As I said, it’s an honour to rise and speak about our government’s plan to improve our province’s transit and transportation network. This bill, the Getting Ontario Moving Act, will do just that. It will get millions of Ontarians moving, and not only that, but it will do so in a responsible way that respects the taxpayer to ensure that we get the most value out of each dollar spent.
These improvements will benefit everyone in Ontario. It will make our roads safer, will boost our economy and support our job-creating businesses. It will cut burdensome red tape that weighs down consumers, families and businesses. It will strengthen public transit, paving the way for a truly integrated regional transportation system.
Every one of the measures contained in this bill will serve to realize a vision of a connected province, one in which families can safely travel, in which goods and services can be transported freely, and in which the people of Ontario can be confident in having a modern transportation network. Our government was elected to make life easier for every Ontarian. This bill, if passed, will do just that. It will make life easier, more convenient and more connected.
Madam Speaker, when we came into office last June, our government made a commitment to the people of Ontario that we would make life more affordable but also more comfortable. This is exactly what we are doing with this bill. It will streamline the way that government does business, eliminate burdensome and duplicative red tape, and modernize transportation service delivery across the government.
The way that businesses and industry interact with the Ministry of Transportation is old and out of date. This bill will change that. By simplifying and streamlining interactions with the ministry, it will ensure that the MTO operates as efficiently and effectively as possible. This will save money, it will reduce administrative costs and it will modernize service delivery. These changes will be to the benefit of everyone, from individuals and their families to small businesses and all the way up to large firms and industry.
In addition to modernizing the current, out-of-date system of administration, this bill includes a number of red-tape measures that will make life easier and more convenient.
We will be amending the Highway Traffic Act such that it is in alignment with the requirements under the International Registration Plan. This will allow for easier travel for small commercial vehicles coming from the United States, as well as charter bus travel in Ontario.
We will simplify and streamline the rules surrounding off-road vehicles by allowing them on municipal roads, should those municipalities choose.
We will eliminate burdensome and unnecessary annual inspections of personal-use pickup trucks, as well as allow for motorcycles with high-styled handlebars. It sounds silly, but this is what people want, and what the consumers want, in the province of Ontario, and those are simple steps that we’re taking. Each of these actions will directly benefit consumers, by allowing them more freedom of choice, as well as job creators, especially those in the tourism industry.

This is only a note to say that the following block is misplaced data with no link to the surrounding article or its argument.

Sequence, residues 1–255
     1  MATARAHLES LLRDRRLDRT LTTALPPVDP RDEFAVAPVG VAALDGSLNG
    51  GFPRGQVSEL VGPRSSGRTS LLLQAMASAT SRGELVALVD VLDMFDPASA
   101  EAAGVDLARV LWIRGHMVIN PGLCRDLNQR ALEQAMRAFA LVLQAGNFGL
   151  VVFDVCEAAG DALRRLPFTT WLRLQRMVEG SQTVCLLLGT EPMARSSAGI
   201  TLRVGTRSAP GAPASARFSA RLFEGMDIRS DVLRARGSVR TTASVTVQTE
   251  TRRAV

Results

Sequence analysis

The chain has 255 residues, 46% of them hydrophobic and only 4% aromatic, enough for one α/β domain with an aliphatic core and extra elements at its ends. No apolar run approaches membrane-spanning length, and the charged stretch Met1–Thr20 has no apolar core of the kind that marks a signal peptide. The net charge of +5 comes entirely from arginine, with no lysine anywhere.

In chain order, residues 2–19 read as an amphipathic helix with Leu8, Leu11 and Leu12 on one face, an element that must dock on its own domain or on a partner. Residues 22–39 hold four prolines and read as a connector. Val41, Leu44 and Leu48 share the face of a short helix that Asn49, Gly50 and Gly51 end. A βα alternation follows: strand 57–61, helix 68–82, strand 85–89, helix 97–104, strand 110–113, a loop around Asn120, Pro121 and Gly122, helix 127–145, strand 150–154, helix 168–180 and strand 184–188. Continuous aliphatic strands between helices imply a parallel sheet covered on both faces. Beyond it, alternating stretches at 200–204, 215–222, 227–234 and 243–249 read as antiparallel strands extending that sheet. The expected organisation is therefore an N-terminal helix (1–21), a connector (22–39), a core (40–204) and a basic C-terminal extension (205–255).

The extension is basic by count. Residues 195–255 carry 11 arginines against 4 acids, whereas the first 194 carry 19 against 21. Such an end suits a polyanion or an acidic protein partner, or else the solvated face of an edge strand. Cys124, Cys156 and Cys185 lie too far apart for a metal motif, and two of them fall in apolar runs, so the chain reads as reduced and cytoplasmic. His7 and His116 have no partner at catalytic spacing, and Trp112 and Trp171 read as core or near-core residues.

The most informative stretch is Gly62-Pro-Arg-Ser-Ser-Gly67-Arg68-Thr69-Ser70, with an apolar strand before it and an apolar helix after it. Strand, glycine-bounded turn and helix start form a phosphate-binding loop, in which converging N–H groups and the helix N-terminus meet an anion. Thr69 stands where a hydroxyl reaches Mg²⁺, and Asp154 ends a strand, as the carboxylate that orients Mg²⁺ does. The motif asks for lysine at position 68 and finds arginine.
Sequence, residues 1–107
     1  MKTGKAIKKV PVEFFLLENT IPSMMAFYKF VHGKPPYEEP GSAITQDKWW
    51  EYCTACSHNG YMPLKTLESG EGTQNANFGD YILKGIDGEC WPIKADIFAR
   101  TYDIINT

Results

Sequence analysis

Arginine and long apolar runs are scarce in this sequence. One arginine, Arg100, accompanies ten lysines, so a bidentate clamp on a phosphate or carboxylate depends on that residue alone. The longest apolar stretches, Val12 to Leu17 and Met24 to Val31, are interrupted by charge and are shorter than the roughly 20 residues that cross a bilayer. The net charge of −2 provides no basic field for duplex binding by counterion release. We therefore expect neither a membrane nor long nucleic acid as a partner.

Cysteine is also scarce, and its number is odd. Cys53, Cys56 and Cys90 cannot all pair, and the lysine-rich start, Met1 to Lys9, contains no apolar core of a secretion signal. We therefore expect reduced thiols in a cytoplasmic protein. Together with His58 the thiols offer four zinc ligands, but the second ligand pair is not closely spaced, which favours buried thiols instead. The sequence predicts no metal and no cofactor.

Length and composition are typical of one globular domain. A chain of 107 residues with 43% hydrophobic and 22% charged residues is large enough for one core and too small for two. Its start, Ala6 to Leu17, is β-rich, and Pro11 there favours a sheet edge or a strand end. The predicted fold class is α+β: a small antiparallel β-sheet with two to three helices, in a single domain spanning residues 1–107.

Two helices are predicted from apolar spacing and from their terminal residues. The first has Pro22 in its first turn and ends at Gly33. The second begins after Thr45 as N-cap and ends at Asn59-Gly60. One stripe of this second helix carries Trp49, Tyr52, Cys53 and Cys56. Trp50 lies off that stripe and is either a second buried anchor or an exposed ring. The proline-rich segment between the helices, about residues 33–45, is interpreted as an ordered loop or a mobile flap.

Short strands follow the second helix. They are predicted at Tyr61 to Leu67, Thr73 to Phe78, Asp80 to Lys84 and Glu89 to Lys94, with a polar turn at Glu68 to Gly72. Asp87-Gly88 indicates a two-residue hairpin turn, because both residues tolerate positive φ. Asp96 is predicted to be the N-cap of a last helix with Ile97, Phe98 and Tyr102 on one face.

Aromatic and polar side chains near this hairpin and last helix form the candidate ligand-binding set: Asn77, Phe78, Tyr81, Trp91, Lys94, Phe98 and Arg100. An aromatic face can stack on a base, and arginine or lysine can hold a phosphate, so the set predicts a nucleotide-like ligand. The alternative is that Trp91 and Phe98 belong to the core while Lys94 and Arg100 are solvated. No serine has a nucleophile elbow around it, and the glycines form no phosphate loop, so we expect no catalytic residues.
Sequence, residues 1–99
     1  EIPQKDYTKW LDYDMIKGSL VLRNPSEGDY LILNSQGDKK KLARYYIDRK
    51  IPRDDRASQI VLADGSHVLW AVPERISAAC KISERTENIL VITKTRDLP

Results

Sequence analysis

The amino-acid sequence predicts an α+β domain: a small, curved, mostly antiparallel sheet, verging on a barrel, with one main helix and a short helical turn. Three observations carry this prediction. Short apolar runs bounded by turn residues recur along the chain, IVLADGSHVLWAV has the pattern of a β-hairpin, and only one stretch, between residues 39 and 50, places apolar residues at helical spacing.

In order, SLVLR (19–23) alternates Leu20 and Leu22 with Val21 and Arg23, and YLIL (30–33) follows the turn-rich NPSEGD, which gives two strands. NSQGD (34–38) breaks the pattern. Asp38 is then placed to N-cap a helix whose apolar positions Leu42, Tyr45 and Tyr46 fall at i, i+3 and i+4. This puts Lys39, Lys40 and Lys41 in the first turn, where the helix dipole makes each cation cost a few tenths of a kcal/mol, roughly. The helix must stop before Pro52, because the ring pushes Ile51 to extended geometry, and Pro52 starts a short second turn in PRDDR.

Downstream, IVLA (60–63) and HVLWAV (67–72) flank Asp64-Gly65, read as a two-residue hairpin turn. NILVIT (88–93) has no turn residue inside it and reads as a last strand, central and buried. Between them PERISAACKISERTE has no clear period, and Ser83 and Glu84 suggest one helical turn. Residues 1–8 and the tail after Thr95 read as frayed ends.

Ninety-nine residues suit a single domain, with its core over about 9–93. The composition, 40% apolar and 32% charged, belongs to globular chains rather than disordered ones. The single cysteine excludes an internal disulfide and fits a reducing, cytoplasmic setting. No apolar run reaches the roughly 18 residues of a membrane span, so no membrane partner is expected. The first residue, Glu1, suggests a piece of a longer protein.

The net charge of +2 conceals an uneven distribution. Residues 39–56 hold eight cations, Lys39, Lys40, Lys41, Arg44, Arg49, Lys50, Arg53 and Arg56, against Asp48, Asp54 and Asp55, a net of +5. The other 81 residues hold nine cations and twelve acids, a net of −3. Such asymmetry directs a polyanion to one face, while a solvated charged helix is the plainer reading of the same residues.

In addition to all of this, we will amend the vehicle weights and dimensions regulation to permit technologies such as wide-base single tires. We see them on the roads today, and they actually take a lot less fuel. These advanced technologies have numerous benefits, such as reduced emissions and reduced fuel consumption, and will encourage industry productivity.
These proposed changes clearly show that we are listening to and supporting the job-creating businesses of Ontario. Since coming into office, we have made a commitment to support job creators and small business. You know what, Madam Speaker? We are doing just that. This is just one more way in which we are making Ontario open for business and open for jobs.
As I have just said, we will be modernizing service delivery, cutting burdensome red tape and increasing consumer choice. This is crucial as we move to create an environment in which job-creating businesses can grow, and in which the people of Ontario and their families can thrive.
But to create a truly modern and integrated transportation system—in other words, to get Ontario moving—we must address the issue of safety on our roads.
Every day, Ontarians use our roads to drive to work, to go to school, or to bring their kids to their soccer game or hockey game, and it’s our responsibility to ensure that Ontario’s roads are the safest that they can be. Our roads are already among the safest on the continent, but we must ensure that safety remains a top priority.
That is what the Getting Ontario Moving Act, if passed, will do. It will improve the safety of every single person who uses Ontario roads, highways and bridges. These actions will improve the safety for those who drive on the roads but also for those who work alongside them, such as the police officers, the paramedics, the maintenance workers, the tow truck drivers and operators, and many more who are especially vulnerable as they go about their important work. This will be done by enhancing applicable penalties for dangerous and careless drivers who put these recovery workers at risk. This is the responsible thing to do, and we will continue to support our front-line workers in every possible way.
Dangerous and careless drivers are an ever-present hazard on our roads, as I just stated. They threaten those who work alongside our roads, but they also threaten people going to and from work, and children as they go to and from school. It is crucial that we take steps to address this hazard as we work to make Ontario’s transportation network one of the best and safest in the world—which it already is, but we’re going to make it better.